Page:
Embattled retailers fear effects of plastic bag tax
The introduction of a levy on plastic bags could be another nail in the coffin of the beleaguered retail sector, a leading business organisation has warned.
CBI Northern Ireland said that the proposals from the Department of the Environment are "unnecessary, badly timed, and will create a significant administrative burden on all retailers" and has said that a voluntary approach is the way forward.
The Northern Ireland Independent Retail Trade Association, the The Association of Convenience Stores and the British Hospitality Association have also come out strongly against the proposals, which have been backed by environmental groups.
Such a levy already exists in the Republic and in Wales.
CBI Northern Ireland director, Nigel Smyth, said that the proposal for the bag tax could not have come at a worse time.
Retailers are already struggling with reduced footfall on the streets, less consumer spend and the possibility of another proposed tax on larger premises.
Mr Smyth said that while it is "absolutely right" to seek to reduce the number of single use carrier bags, the administrative burden on the retail sector must be minimised.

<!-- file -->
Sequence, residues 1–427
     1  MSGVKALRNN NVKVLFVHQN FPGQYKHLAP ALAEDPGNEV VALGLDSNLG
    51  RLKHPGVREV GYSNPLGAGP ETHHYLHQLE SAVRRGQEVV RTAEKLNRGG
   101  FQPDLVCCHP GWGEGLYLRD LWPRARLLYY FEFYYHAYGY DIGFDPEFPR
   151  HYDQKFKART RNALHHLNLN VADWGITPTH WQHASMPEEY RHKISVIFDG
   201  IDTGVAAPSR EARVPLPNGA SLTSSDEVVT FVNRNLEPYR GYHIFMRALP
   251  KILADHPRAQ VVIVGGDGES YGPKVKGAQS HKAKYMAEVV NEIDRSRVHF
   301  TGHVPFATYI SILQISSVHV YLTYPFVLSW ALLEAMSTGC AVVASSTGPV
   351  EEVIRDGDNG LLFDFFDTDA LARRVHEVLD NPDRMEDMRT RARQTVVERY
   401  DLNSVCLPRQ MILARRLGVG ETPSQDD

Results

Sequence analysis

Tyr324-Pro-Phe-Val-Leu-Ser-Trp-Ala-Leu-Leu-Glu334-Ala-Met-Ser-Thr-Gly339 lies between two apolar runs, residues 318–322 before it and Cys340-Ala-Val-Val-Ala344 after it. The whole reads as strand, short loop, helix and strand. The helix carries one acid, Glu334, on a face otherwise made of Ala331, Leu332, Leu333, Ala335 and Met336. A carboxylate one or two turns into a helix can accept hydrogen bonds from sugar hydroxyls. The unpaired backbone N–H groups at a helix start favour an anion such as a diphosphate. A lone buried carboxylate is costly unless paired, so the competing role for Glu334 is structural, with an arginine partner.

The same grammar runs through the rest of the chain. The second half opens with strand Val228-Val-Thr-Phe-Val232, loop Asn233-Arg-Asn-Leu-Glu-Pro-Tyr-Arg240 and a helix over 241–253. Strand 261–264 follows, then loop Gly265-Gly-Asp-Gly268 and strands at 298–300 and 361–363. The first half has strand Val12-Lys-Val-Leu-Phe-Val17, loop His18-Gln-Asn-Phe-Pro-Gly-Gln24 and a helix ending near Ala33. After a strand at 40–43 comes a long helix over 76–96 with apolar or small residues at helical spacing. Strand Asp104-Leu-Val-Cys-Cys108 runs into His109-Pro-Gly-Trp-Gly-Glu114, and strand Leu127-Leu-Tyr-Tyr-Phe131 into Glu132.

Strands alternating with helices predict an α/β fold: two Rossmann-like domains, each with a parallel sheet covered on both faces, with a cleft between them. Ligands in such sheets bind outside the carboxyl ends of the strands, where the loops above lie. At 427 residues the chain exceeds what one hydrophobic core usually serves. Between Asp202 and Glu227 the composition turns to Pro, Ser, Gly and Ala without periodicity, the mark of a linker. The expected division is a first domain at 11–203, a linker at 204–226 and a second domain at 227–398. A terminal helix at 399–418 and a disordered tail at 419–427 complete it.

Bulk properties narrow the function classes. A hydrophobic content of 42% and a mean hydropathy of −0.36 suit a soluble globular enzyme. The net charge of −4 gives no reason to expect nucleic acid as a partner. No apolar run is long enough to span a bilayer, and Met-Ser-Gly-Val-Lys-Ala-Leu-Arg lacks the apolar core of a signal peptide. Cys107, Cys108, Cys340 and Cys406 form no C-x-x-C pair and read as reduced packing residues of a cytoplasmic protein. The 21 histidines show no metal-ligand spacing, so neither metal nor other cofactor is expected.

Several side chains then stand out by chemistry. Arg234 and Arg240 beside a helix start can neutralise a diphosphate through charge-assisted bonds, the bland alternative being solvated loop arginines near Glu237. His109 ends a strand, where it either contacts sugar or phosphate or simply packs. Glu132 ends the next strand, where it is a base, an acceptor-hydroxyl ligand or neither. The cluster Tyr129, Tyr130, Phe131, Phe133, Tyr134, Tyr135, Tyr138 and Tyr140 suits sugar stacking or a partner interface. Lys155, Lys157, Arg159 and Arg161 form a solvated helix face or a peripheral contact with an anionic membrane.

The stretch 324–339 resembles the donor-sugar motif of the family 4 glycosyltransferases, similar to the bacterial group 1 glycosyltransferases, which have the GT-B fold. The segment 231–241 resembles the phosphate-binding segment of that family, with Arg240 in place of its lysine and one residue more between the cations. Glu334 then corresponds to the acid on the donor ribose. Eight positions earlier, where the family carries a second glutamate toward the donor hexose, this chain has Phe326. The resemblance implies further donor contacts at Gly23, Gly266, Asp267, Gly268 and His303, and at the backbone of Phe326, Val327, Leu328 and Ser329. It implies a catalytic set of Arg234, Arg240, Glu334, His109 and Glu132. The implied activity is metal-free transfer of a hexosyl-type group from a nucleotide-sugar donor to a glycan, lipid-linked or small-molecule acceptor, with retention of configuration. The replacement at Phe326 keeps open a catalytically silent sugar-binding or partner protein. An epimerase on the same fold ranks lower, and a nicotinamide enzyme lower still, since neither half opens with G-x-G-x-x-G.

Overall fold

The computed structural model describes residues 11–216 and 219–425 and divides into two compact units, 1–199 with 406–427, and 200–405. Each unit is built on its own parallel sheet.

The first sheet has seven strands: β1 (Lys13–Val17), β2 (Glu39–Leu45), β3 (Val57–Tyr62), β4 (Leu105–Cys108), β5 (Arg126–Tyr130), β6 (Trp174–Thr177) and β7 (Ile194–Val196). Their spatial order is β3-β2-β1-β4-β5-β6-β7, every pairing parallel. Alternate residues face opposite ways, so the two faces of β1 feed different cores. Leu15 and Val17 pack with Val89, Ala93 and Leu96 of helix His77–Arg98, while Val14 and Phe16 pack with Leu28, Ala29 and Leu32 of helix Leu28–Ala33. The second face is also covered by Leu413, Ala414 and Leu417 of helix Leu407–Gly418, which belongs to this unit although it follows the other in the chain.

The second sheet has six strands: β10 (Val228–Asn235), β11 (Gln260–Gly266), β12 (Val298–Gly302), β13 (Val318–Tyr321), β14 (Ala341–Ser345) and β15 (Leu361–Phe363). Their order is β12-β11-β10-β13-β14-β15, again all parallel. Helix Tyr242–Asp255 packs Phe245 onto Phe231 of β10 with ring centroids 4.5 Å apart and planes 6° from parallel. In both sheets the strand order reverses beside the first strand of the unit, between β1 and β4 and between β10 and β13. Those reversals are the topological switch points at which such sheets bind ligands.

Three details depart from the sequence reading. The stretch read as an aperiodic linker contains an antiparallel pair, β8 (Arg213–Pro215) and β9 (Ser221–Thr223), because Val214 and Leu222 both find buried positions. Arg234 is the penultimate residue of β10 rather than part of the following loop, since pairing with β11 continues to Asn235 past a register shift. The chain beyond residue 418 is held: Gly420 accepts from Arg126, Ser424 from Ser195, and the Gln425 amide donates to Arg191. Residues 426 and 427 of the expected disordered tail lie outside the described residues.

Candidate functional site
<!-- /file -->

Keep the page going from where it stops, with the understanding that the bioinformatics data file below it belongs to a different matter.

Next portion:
"The proposals will apply to both plastic and paper bags which is not fully recognised by all the 6,400 retail businesses in Northern Ireland," he said. "Clear government guidance will be essential and this must be communicated effectively to retailers."
Stephen Cammon, managing director of Northern Ireland department store Menarys, added: "The sustainability of the local retail sector is under real threat. The levy should not be introduced until there is at least some green shoots of recovery across the retail sector."
The CBI has suggested counter measures, including that the initial charge must not exceed 5p per bag, and that it should not be introduced before April 2013.
The organisation has also called for an effective communication campaign to explain the levy to consumers.